My maple-roasted kabocha squash is the perfect fall squash recipe! We toss this winter squash with olive oil, maple syrup, and cinnamon to bring out the sweet flavor. So the next time you are reaching for that butternut squash, try this Japanese pumpkin instead.
Maple roasted kabocha squash is the perfect winter squash! For years I would always reach for butternut squash. Don't get me wrong, I love butternut squash, but there are other options out there.
Known as a Japanese pumpkin, kabocha tastes like a combination of roasted chestnuts and a baked potato.
Roasting is the best way to prepare this winter vegetable. Another popular cooking technique is to steam the kabocha squash. Roasting brings out the natural sweetness and nutty flavor!
I leave the kabocha squash skin on while roasting, but I don't eat it. Kabocha skin is edible, but it's not pleasant to eat. Butternut and kabocha squash has a tough skin that is almost impossible to break apart. I eat the meat of the squash and discard the skin.
Maple roasted kabocha squash makes a great side dish for my salmon stew or salmon baked in foil.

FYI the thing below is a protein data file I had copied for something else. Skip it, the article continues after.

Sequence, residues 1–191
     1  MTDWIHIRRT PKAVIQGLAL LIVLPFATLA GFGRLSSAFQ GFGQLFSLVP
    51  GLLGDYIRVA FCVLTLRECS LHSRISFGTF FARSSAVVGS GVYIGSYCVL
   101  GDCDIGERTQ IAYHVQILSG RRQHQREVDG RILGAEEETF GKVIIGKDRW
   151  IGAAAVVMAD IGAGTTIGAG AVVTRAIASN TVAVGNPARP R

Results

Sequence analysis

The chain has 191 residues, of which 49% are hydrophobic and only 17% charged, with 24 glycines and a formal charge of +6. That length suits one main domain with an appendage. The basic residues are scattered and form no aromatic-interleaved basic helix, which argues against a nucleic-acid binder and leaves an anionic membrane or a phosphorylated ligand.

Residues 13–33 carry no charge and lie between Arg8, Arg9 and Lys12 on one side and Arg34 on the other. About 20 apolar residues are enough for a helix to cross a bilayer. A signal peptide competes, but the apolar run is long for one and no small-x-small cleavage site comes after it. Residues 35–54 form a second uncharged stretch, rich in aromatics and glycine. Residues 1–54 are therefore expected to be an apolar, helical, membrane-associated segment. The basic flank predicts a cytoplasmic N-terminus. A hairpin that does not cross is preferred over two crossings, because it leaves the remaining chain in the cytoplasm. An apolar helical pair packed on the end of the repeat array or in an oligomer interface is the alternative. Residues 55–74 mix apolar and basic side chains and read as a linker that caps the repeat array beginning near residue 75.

What makes kabocha squash so delicious
- Fall under the category of a low FODMAP vegetable. According to the Monash University FODMAP diet app, there is no limit on how much kabocha you can consume.
- No need to peel this squash. To make cooking a breeze, cut in half, remove the seeds, slice, and roast. I don't recommend eating the skin since it's thick and tough. I eat kabocha just like I would eat an orange wedge, consuming the flesh and discarding the skin.
- Kabocha squash has many applications. This winter squash is great for soups, salads, and vegetable curries.
What you need to make this recipe
- kabocha squash - a orange fleshed squash that is sweeter than butternut squash
- maple syrup - use 100% pure maple syrup
- olive oil - make sure to use a good quality extra virgin olive oil
- salt - for flavor!
Where to buy kabocha squash
Kabocha is a winter squash usually located next to butternut and acorn squash in the produce sections of the grocery store.
Butternut squash is a long cylinder-shaped with a long neck. Kabocha is round and resembles the shape of a pumpkin, and has a green exterior color.
Here is a list of grocery stores where I have seen kabocha squash:
- Whole Foods
- Trader Joes's
- Smart + Final
- Asian Markets
How to cook kabocha squash
- Cut squash in half lengthwise and scoop out the seeds. Be careful doing this step since the otter skin of the squash is very hard. You can place the squash in the oven for 5 minutes to soften the skin before cutting.
- Slice the kabocha squash into 1-inch wedges leaving the skin on.
- Place sliced squash onto a parchment or foil-lined baking tray.
- Toss with maple syrup, cinnamon, salt, and olive oil. Spread squash out into a single layer on the baking sheet.
- Cook for 30 minutes, flipping squash halfway through roasting. The kabocha should be golden brown and tender.
- Enjoy as a side dish or in a salad.